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June 03, 2021

Recession's toll on employees continues to mount

By Gordon Powers, Sympatico / MSN Finance

Employees are becoming increasingly concerned about the economy, and this concern is causing them to take a much more reactive approach to their finances, reports Financial Finesse, a California company that fields financial questions from hundreds of thousands of employees at more than 400 U.S. companies.

They found that only about 6% of the calls they received in the first quarter were about retirement planning. That’s down from about 14% last year, as more individuals than ever dialed in with questions about managing their immediate debts and budgets. Instead of planning for the long term, most people are narrowing their focus to managing their day-to-day finances, they report.

In addition, the calls are more serious with people considering more drastic steps such as bankruptcy, foreclosure, dramatically downsizing their life style, and taking on second jobs to make ends meet. 

What's worse is that the number of employees looking to tap their existing retirement assets by taking loans and heavily-taxed hardship withdrawals from their pension savings has more than doubled over the past year.

This makes sense, of course, as millions of jobs have been eliminated since the beginning of the year, while foreclosures in the States have surged to their highest levels in years. Add to this the fact that other studies suggest household income has dropped over the past year, on average, with the proportion of workers reporting household incomes under $50,000 rising from 30 to 38%. Household assets also have declined, with 75% of employees claiming they now have less than $100,000 to work with.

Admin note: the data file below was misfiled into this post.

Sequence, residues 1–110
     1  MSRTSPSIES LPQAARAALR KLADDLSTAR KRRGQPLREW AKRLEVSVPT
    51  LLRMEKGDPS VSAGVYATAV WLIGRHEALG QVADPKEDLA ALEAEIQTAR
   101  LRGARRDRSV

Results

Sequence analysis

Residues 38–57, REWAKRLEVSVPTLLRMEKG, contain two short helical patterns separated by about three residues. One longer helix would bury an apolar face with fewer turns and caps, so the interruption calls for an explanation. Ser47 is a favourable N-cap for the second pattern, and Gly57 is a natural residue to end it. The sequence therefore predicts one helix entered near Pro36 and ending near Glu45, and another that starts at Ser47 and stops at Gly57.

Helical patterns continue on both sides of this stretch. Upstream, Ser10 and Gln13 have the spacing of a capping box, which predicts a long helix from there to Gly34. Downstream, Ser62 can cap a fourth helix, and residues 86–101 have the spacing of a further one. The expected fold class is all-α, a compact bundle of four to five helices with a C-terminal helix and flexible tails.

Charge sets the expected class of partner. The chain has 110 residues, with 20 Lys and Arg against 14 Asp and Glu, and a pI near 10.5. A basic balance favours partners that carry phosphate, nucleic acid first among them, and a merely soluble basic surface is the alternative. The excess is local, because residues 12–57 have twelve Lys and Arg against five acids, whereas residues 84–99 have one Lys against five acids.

It's a gloomy story, particularly when you consider that 86% of the people calling Financial Finesse's help lines confess to having no idea if they’re on track to retire and are really worried about their prospects. 

Even among those who have done some retirement planning, 72% have severe doubts about their asset allocation and risk tolerance, while 52% admit they don’t really have a clue when it comes to stocks, bonds or mutual funds.

Do things seem this bad where you work?



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Gordon PowersGordon Powers

A long-time fund company executive, Gordon Powers now heads up the Affinity Group, a financial services consulting firm. Gordon was a personal finance columnist for the Globe & Mail for many years, has taught retirement planning...

James HaversJames Havers

James is the senior editor of MSN Money living in Toronto. He has worked for the Nikkei Shimbun (Tokyo),,, Canadian Business and other publications. Havers turned to journalism after teaching overseas.

Jason BucklandJason Buckland

The modern-day MC Hammer of money, Jason can often be seen spending cash that isn’t his with the efficiency of a Wilt Chamberlain first date. After cutting his teeth as a reporter for the Toronto Sun, he joined the MSN Money team with...